Sunday, April 22, 2012

The Things!

On the trail, the weight of your pack is everything.

Or, so they tell me. Considering I haven't actually hiked the trail yet, everything I say about the trail is second hand. Thus conceivably, it could all be lies. Maybe the trail is actually just a string of free five star hotels, perched on the precipices of the most beautiful landscapes East of the Mississippi.  All of the literature about the hardships of the trail is utter hooey, penned into existence by an elite secret society bent on keeping their way of life (and endless foie gras stuffed lobster) hidden from the world.

Until I am initiated into that secret society, however, I have to take it on good faith that what I read about the trail is true. That is to say, my entire livelihood for 6 months has to be carried on my shoulders. What does one need for their livelihood for 6 months, precisely? Here's the MOST BASIC of lists:

- Backpack
- Tent (including rain fly, poles, and stakes)
- Sleeping bag
- Socks
- Sleeping pad
- Water filter
- Water bottle
- First Aid Kit
- Clothing for peaks (COLD)
- Clothing for valleys (HOT)
- Camp stove (with fuel)
- Dishes for cooking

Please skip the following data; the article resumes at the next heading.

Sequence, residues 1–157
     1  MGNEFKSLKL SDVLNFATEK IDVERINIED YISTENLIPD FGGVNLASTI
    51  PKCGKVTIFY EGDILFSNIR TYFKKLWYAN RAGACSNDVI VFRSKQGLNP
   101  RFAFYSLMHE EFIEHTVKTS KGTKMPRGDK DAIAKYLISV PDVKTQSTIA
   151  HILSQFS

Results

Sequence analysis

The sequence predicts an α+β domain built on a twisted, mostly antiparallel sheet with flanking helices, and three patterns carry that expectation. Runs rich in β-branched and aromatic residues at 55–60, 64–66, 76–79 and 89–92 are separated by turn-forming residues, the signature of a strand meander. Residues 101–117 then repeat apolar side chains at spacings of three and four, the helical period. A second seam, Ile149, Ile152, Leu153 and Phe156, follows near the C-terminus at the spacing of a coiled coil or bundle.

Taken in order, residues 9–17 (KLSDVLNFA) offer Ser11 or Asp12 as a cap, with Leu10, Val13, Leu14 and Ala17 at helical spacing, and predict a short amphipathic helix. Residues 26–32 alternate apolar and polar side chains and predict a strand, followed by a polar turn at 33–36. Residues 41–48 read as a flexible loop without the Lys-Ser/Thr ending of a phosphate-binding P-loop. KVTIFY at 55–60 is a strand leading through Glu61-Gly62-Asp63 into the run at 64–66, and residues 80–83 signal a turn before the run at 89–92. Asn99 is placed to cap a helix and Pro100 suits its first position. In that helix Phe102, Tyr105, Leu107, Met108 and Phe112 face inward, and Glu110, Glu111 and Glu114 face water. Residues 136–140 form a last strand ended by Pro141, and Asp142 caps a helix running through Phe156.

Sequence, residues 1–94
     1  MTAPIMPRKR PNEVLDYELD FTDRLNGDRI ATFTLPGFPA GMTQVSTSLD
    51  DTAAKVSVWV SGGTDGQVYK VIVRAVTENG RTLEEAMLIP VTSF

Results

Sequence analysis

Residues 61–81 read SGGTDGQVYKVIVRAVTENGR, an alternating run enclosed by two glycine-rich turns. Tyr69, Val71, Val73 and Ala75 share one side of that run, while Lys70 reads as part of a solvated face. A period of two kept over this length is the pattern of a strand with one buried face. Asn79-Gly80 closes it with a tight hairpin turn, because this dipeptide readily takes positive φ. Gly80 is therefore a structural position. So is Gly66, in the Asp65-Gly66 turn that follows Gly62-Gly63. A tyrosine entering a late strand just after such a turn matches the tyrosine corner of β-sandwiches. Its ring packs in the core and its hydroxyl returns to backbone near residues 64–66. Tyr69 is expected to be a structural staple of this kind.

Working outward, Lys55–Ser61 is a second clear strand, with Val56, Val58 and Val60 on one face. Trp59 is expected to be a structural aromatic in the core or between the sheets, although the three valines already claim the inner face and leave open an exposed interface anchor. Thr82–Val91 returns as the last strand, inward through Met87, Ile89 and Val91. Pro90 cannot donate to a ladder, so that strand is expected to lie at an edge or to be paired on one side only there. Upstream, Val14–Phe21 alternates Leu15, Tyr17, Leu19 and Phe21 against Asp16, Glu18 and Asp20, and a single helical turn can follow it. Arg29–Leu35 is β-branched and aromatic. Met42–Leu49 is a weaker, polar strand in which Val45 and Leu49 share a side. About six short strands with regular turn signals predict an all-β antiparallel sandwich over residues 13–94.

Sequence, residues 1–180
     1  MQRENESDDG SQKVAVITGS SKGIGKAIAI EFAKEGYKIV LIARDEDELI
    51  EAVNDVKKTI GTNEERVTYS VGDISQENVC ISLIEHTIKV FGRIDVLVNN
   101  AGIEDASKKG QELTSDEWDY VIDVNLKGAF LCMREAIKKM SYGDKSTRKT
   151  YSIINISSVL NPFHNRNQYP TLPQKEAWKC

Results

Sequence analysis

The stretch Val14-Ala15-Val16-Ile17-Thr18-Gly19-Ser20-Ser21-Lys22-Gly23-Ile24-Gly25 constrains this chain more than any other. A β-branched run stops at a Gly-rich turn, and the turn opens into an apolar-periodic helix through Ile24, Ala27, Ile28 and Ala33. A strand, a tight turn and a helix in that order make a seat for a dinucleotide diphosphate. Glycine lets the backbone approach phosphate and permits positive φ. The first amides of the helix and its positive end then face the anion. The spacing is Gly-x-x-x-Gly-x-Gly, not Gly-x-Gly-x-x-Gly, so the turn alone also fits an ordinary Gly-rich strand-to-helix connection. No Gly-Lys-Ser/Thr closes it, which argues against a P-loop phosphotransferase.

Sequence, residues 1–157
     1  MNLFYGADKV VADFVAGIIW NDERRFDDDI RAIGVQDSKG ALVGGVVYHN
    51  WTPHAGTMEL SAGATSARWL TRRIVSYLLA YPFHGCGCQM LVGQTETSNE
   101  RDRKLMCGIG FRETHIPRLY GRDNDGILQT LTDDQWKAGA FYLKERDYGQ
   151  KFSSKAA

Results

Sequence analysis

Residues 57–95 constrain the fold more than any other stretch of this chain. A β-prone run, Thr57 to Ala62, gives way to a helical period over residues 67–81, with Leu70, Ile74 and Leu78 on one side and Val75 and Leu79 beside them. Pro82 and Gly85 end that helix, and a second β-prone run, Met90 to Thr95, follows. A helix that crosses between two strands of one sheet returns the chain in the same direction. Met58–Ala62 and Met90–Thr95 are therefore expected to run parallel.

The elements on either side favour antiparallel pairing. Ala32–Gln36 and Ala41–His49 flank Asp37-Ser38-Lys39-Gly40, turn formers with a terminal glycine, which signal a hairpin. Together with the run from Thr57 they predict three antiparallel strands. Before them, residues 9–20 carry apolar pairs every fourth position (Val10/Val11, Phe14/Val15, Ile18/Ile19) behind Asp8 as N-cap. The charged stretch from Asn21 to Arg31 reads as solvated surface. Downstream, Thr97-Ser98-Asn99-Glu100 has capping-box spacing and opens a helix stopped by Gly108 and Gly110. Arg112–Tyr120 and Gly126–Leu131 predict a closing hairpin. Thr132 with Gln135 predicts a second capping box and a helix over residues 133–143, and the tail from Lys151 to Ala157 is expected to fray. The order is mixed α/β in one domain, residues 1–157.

- DID I MENTION SOCKS?
- Hiking poles
- Headlamp
- Hiking boots
- Hygiene products (minimum - All-One Soap, toothpaste, toothbrush)

Water can be pumped from streams and rivers, but then has to be carried. Water is heavy. We will likely hike off the trail and hitch-hike into nearby towns to get food about once a week or once every 2 weeks. Food that needs to be carried on our backs. In order to not waste away to skin and bones, the average thru-hiker needs to consume somewhere between 3000 and 5000 calories a day. I'd like you to imagine for a moment how much food that would be for a week. We want our equipment to weigh as little as possible, so we have room in our packs for food and water.

In an ideal world, my pack with everything in it, including food and water, my goal weight is less than 25 pounds. This is no small feat.

Many people begin the trail with far too much weight on their backs, and that is one of the most common causes of people giving up within the first month. 40 pounds may not seem all that heavy, but that's 40 pounds on your back for 12 hours a day, up and down mountains, through rain, snow, and sweltering heat. That's the equivalent of carrying a full grown bull dog on your back. Or a six-year-old child.

We're aiming more for a 3-year-old.

There is a tiny outpost set up along the trail at about 3 weeks in, where the entire business consists of a man who will gladly take all of your extra stuff off of your hands, and mail it to your home or to a friend. I watched a documentary about the trail that highlighted this little outpost, and apparently people bring some crazy stuff with them on the trail. Oh, hiking in the wilderness for 6 months? I totally need my laptop and a king-sized inflatable mattress.